Clearly, this was a different sort of Friday night than I was used to. But then, everything was different here.

Kristy and Monica’s house wasn’t a house at all but a trailer, although, as we approached it, Kristy explained that she preferred to call it a “doublewide,” as there was less redneck association with that moniker. To me, it looked like something out of a fairy tale, a small structure painted cobalt blue with a big sprawling garden beside it. There her grandmother Stella, whom I’d met the night I was lost, grew the flowers and produce she sold at her stand and to local restaurants. I’d seen lots of gardens before, even fancy ones in my neighborhood. But this one was incredible.

Green and lush, it grew up and around the doublewide, making the structure, with its bright cobalt color and red door, look like one more exotic bloom. Along the front, sunflowers moved lazily in the breeze, brushing a side window: beneath them were a row of rosebushes, their perfumelike scent permeating the air. From there, the greenery spread sideways. I saw a collection of cacti, all different shapes and sizes, poking out from between two pear trees. There were blueberry bushes beside zinnias and daisies and coneflowers, woolly lamb’s ear up against bright purple lilies and red hot pokers. Instead of set rows, the plots were laid out along narrow paths, circling and encircling. Bamboo framed a row of flowering trees, which led into one small garden plot with tiny lettuces poking up through the dirt, followed by pecan trees next to geraniums, and beside them a huge clump of purple irises. And then there was the smell: of fruit and flowers, fresh dirt and earthworms. It was incredible, and I found myself just breathing it in, the smell lingering on me long after we’d gone inside.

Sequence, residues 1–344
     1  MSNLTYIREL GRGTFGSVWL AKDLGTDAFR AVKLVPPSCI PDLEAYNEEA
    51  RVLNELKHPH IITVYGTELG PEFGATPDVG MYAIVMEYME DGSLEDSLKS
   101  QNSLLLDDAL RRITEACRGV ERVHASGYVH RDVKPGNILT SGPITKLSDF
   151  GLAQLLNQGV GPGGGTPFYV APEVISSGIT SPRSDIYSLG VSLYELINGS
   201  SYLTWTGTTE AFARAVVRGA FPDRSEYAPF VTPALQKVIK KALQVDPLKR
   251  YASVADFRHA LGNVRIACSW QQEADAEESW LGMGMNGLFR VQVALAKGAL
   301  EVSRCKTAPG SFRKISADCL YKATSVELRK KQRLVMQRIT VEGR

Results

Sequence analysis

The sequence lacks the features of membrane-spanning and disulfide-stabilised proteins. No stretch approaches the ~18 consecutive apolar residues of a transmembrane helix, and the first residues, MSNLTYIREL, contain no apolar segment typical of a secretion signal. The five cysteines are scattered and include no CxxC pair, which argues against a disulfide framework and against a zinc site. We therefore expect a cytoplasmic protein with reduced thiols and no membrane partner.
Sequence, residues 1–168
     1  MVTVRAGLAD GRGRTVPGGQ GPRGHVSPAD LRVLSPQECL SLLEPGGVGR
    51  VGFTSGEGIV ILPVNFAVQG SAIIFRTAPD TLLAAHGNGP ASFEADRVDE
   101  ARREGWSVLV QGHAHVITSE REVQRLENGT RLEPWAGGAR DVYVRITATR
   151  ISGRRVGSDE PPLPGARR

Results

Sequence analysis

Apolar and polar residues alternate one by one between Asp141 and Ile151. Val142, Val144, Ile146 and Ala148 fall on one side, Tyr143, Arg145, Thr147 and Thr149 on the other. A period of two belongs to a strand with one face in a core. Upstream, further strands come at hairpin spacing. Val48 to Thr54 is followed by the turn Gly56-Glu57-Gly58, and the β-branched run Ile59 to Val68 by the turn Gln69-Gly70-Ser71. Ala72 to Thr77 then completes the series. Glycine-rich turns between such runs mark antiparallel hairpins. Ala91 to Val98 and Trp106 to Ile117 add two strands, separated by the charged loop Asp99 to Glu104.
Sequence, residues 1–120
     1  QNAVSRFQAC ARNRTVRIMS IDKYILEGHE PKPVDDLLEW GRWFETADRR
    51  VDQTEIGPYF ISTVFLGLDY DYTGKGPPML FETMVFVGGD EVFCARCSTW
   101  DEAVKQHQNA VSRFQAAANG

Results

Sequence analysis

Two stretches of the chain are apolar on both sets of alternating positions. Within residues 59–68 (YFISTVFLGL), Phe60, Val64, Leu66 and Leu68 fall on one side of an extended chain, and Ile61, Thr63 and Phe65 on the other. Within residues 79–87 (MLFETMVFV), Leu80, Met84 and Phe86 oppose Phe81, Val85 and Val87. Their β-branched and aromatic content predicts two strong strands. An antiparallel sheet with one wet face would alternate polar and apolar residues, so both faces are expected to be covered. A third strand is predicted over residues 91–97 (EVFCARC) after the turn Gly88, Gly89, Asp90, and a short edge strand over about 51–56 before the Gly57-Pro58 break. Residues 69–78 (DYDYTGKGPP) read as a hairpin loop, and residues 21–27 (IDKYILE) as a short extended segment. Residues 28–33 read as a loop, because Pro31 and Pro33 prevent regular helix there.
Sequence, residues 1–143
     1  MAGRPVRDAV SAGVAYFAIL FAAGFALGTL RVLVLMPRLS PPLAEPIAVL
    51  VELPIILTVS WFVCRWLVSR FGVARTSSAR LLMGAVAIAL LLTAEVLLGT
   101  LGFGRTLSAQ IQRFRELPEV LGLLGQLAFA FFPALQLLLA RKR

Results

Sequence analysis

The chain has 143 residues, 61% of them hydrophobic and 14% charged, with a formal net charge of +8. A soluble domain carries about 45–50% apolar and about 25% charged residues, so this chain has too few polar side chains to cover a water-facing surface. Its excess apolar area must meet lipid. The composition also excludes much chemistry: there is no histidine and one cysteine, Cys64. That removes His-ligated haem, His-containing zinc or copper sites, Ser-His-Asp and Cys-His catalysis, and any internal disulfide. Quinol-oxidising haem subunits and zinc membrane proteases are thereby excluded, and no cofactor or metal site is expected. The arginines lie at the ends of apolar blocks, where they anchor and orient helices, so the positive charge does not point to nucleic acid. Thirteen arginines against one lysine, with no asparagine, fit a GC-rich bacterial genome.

Now Kristy slid another bobby pin over a curler, smoothing with her hand to catch a stray piece of hair that was hanging over my eyes.

“You know,” I said, warily, “I’m not really a big hair person.”

“Oh, God, me neither.” She picked up another roller. “But this is going to be wavy, not big. Just trust me, okay? I’m really good with hair. It was, like, an obsession with me when I was bald.”

Because she was behind me, fussing with the rollers, I couldn’t see her face as she said this. I had no idea if her expression was flippant or grave or what. I looked at Monica, who was flipping through a magazine, not even listening. Finally I said, “You were bald?”

“Yup. When I was twelve. I had to have a bunch of surgeries, including one on the back of my head, so they had to shave all my hair off,” she said, brushing out a few of the loose tendrils around my face. “I was in a car accident. That’s how I got my scars.”

“Oh,” I said, and suddenly I was worried I had been staring at them too much, or she wouldn’t have brought it up. “I didn’t—”

“I know,” she said easily, hardly bothered. “But it’s hard to miss them, right? Usually people ask, but you didn’t. Still, I figured you were probably wondering. You’d be surprised how many people just walk right up and ask, point-blank, like they’re asking what time it is.”